Judge Jeff Robbins is sorry to report his old LaSalle just stopped running great.
Our reviews of All In The Family: The Complete First Season (published April 9th, 2002), All In The Family: The Complete Second Season (published June 18th, 2003), All In The Family: The Complete Fourth Season (published August 10th, 2005), All In The Family: The Complete Seventh Season (published October 28th, 2010), All In The Family: The Complete Eighth Season (published January 19th, 2011), and All in the Family: The Complete Series (published October 26th, 2012) are also available.
"I ain't nothin' without you."—Archie Bunker to his wife Edith during the final scene of the final episode of the final season of All in the Family.
Comprising the final season of Norman Lear's groundbreaking comedy, the 23 episodes contained in All in the Family: The Complete Ninth Season are an erratic bunch, as the program struggled to find its footing after the departures of Rob Reiner and Sally Struthers following season eight. But thanks to a tremendously good Christmas episode (featuring the return of Reiner and Struthers), an entertaining series retrospective, and a string of strong episodes to close out the show's run, Season Nine is an easy recommendation, and a must-have for anyone who has picked up the previous eight releases.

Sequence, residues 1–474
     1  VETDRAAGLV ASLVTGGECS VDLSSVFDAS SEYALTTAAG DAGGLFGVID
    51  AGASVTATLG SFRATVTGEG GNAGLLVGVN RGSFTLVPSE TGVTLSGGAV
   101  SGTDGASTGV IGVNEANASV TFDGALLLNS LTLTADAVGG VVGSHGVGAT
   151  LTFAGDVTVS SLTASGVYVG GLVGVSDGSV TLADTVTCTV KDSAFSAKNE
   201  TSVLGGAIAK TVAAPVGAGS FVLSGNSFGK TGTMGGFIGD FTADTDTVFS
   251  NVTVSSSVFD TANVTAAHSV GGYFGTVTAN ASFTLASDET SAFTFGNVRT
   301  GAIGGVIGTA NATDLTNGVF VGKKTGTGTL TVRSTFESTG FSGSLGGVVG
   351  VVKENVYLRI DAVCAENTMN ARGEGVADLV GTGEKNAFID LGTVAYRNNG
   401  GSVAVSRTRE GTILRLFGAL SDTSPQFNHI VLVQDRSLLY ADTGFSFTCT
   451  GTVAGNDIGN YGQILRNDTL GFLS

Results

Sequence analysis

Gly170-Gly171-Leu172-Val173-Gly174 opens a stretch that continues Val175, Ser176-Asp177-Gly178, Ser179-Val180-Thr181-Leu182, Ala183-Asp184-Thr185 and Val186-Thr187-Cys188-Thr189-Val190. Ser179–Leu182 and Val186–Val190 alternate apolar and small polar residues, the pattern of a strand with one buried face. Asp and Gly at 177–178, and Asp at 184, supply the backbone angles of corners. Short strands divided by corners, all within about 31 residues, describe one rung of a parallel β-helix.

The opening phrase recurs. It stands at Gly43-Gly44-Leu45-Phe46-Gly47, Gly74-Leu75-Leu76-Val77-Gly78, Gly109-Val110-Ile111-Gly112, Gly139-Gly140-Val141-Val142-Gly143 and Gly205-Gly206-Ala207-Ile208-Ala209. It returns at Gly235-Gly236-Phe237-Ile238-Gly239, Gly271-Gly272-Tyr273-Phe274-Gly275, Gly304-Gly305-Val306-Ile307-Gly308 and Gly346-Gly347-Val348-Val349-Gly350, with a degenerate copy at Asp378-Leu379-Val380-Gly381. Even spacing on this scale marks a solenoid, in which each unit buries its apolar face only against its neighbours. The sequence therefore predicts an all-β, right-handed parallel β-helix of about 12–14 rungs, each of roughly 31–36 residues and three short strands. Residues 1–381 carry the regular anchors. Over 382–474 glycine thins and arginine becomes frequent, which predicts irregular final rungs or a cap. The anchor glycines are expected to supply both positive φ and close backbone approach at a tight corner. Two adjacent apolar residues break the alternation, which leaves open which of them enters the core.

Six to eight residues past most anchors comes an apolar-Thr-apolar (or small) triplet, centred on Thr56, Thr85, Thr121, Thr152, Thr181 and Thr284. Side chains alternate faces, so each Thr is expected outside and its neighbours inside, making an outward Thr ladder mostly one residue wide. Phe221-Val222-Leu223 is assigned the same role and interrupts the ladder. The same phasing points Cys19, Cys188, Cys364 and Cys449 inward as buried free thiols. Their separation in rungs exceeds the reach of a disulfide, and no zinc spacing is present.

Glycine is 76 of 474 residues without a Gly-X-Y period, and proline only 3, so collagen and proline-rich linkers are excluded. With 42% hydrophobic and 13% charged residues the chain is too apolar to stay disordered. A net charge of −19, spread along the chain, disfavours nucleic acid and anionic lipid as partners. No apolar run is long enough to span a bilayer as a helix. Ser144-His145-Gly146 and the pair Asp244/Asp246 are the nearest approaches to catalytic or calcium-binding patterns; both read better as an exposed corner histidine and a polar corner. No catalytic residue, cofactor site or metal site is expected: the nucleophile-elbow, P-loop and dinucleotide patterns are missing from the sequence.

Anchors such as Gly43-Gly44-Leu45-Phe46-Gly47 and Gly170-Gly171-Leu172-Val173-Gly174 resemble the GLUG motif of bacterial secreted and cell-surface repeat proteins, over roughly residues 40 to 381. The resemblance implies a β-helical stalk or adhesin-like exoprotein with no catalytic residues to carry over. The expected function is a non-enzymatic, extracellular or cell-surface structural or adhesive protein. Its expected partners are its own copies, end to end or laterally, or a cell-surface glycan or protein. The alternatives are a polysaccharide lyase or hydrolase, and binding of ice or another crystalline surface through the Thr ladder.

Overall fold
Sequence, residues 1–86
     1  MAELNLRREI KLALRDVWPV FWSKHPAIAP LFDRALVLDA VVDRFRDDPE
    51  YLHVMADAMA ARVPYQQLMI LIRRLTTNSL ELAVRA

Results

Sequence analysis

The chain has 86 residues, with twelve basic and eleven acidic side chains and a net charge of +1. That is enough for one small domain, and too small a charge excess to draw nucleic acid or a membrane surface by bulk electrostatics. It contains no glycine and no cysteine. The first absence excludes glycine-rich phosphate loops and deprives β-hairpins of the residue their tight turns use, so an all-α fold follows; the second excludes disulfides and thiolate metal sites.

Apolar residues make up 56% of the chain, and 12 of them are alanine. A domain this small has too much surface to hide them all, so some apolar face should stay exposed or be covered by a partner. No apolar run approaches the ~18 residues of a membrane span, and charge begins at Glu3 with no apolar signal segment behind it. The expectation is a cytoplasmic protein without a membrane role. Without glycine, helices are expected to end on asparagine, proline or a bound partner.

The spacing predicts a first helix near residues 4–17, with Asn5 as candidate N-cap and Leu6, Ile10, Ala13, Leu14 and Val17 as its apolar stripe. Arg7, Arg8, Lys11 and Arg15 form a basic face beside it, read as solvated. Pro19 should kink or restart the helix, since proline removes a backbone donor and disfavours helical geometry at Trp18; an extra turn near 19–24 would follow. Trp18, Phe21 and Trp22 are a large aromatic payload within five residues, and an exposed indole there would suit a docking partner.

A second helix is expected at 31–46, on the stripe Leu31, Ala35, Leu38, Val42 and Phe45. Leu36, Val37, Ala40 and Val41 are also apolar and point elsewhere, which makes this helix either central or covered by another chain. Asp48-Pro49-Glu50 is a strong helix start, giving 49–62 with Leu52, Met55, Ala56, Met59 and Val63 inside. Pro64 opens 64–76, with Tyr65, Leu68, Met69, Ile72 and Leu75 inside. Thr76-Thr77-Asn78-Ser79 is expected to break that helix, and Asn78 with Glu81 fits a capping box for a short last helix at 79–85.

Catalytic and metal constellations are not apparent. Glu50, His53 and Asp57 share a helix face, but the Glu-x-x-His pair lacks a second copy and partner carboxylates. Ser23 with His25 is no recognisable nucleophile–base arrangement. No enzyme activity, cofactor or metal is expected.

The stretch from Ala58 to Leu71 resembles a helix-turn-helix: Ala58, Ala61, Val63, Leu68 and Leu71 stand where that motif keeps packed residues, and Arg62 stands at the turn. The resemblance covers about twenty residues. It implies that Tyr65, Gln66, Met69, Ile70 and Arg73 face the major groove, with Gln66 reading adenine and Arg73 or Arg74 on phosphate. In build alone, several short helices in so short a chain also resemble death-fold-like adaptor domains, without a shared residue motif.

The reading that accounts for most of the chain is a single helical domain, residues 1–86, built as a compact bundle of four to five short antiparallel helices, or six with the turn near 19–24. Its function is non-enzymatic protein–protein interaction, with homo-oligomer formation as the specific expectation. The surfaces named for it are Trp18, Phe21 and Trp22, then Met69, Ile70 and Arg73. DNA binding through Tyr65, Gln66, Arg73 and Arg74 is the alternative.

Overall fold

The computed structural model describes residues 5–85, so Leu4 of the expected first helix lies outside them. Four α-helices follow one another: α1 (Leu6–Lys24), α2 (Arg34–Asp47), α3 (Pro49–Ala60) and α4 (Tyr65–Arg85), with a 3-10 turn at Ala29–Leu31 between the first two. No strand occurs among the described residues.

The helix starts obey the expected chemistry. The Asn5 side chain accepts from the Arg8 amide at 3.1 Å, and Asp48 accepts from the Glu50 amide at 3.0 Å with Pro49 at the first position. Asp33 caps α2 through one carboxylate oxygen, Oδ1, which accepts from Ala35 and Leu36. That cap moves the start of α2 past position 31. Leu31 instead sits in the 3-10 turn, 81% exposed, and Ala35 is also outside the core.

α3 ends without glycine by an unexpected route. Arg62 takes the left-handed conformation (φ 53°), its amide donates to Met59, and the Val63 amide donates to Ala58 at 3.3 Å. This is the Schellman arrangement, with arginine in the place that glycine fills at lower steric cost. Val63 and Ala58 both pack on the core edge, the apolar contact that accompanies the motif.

Facts of the Case
In its final season, All in the Family attempted to make the transition from a socially-relevant show to a more traditional family sitcom with the introduction of Stephanie Mills (Danielle Brisebois, Big Bad Mama II), the 9-year-old daughter of the step-cousin of Edith Bunker (Jean Stapleton, Scarecrow and Mrs. King), who is left on the Bunkers' doorstep by her deadbeat father. Archie Bunker (Carroll O'Connor, Mad About You) at first rejects the job of being Stephanie's guardians, but eventually relents to Edith, who is lonely after the cross-country move of her daughter Gloria (Sally Struthers, Still Standing) and son-in-law Mike (Rob Reiner, This Is Spinal Tap).